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Pet Trusts: What They Are and How They Work

More than a quarter (27%) of Baby Boomer households have a pet. Beezer, the cat, can be a member of the family, but what happens to Beezer after you’re gone? How can you ensure your pet will be cared for? One option is to create a pet trust. While you can give directions in your will to leave your pet to a caretaker, there is no guarantee that the caretaker will continue to care for your pet. A pet trust can provide a little more security for the pet because a third party — the trustee — is obligated to ensure the pet is cared for.

What is a Pet Trust?

A trust is a legal arrangement through which one person (or an institution, such as a bank or law firm), called a trustee, holds legal title to property for another person, called a beneficiary. With a pet trust, the trustee makes payments regularly to your pet’s caregiver and pays for your pet’s needs as they come up. The federal tax code doesn’t recognize a pet as a beneficiary of a trust. However, all 50 states and the District of Columbia have laws allowing pet trusts. Another option is to set up a traditional trust and place the pet in the trust along with the funds. The pet’s caregiver can be named the beneficiary. Regardless of what type of trust you use, the following are some elements the trust should include:

  • Selecting a Caretaker for Your Pet: he pet trust will need to name a caretaker willing and able to care for your pet. The caretaker should be comfortable with your animal.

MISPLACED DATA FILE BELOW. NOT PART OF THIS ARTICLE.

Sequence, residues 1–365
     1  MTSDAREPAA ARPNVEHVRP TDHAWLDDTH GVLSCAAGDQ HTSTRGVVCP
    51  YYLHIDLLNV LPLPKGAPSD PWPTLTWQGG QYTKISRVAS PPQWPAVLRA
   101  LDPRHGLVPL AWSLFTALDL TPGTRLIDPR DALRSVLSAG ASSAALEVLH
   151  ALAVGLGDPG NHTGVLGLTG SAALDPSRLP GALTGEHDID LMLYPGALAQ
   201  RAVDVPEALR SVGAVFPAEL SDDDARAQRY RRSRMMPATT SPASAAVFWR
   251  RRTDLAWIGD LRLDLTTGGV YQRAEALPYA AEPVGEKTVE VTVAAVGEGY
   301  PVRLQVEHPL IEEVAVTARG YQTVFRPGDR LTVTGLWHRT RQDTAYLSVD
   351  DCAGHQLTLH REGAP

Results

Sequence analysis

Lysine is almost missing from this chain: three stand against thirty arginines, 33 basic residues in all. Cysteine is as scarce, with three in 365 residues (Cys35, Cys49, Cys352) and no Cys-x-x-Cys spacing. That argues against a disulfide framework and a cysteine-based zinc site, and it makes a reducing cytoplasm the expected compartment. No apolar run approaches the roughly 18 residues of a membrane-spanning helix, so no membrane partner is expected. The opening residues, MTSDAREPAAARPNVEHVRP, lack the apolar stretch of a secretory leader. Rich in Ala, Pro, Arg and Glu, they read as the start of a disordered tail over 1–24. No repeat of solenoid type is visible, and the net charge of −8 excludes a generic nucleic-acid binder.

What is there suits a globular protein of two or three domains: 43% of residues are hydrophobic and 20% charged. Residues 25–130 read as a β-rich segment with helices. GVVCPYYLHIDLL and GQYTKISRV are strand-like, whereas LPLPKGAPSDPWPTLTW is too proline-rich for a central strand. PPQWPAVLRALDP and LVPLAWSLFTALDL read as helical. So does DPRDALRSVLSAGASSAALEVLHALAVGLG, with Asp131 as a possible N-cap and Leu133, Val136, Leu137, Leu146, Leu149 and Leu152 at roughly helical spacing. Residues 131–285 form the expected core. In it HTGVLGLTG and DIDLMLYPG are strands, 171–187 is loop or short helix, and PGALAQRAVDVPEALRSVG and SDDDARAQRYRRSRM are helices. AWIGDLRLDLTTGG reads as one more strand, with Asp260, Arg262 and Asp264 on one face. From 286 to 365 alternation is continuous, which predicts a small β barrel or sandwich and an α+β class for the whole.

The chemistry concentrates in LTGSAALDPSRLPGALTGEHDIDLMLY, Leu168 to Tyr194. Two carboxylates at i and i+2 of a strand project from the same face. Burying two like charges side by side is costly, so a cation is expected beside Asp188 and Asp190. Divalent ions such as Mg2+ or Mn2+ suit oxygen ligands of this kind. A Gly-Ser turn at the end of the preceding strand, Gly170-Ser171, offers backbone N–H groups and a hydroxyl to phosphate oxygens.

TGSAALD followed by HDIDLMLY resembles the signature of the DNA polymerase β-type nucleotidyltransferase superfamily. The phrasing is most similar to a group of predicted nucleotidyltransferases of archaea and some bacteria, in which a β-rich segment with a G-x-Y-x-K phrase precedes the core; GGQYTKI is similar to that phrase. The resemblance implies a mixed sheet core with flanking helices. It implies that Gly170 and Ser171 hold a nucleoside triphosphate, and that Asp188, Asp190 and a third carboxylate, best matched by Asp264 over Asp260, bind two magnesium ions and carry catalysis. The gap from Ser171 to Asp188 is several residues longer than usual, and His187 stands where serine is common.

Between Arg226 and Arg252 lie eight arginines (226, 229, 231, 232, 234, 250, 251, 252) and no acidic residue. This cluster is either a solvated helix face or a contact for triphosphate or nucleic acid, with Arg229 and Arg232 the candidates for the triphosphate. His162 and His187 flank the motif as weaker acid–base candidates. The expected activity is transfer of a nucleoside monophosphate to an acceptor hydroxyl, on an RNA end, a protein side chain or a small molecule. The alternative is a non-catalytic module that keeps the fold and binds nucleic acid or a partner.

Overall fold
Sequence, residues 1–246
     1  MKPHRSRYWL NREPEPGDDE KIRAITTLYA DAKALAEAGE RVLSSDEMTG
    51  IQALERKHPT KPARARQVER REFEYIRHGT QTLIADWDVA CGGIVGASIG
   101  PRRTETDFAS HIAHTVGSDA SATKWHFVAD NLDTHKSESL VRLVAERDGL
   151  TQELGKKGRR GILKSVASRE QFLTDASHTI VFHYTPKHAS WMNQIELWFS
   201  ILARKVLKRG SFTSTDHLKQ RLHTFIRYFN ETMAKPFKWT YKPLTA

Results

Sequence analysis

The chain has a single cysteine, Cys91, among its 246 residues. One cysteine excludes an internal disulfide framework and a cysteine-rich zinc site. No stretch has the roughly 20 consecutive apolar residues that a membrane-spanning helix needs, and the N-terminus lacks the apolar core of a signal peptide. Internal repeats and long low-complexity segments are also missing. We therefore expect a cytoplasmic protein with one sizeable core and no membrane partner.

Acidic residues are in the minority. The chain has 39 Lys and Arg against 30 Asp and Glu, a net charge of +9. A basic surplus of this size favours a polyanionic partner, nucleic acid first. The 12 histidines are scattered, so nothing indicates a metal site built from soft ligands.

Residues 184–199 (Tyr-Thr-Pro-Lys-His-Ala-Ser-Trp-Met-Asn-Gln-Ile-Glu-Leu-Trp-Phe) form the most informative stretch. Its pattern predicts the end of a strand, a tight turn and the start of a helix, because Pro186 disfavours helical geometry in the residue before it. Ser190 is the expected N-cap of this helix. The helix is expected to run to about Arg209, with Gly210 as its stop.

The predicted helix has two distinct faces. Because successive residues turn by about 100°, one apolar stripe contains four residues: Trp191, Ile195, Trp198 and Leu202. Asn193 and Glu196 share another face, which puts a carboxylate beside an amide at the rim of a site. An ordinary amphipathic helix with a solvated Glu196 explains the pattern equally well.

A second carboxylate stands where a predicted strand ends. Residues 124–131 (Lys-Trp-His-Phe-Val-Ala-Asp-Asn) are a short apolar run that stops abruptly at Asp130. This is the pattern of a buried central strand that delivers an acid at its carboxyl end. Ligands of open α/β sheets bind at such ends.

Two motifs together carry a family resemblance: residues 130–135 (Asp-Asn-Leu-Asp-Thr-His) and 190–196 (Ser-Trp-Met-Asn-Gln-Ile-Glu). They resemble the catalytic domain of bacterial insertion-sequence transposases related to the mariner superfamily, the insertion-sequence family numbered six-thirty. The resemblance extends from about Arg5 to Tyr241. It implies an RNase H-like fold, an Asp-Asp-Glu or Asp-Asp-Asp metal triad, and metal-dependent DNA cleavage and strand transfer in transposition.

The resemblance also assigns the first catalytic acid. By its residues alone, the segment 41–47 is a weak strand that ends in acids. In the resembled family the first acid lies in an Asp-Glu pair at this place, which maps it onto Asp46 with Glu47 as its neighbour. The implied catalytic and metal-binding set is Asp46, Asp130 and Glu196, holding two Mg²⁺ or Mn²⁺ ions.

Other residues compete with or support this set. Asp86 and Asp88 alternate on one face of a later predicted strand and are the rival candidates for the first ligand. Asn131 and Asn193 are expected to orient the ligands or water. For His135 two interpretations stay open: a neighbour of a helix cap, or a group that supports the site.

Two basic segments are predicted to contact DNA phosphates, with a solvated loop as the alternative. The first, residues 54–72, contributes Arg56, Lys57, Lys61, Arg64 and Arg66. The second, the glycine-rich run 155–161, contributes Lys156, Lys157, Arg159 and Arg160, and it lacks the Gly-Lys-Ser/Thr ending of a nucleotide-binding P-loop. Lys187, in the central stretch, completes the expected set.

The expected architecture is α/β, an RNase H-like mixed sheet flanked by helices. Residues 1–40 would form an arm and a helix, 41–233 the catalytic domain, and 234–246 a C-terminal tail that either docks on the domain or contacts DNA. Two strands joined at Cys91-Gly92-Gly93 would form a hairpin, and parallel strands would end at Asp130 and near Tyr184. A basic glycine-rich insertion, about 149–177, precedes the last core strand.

• Pet Care Instructions: The trust should include specific instructions on all aspects of the pet’s care, including the brand of food, activities the pet enjoys, and the preferred veterinarian.
  • Funding for Your Pet Trust: The amount of money necessary to fund the trust depends on the individual animal. Typically, you can leave the money to the trust in your will. Be warned that under most pet trust laws, the court can reduce the amount of caretaking funds to what it deems reasonable for the care of the pet.

If you are a pet owner in White County, Pulaski County, or Saline County, in cities like Benton, Sherwood, and Little Rock, AR, we can create a trust to care for your beloved pet.

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Searcy, Arkansas 72143

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Benton, Arkansas 72019

McClelland Law Firm, P.A. is here to help you and your loved ones understand probate and trust administration, estate planning, Medicaid planning, crisis planning, guardianship, and elder law. Our Benton, Sherwood, and Searcy law offices welcome you to contact us and learn how we can help meet your elder law legal matters in White County, Pulaski County, Saline County, and throughout Arkansas.

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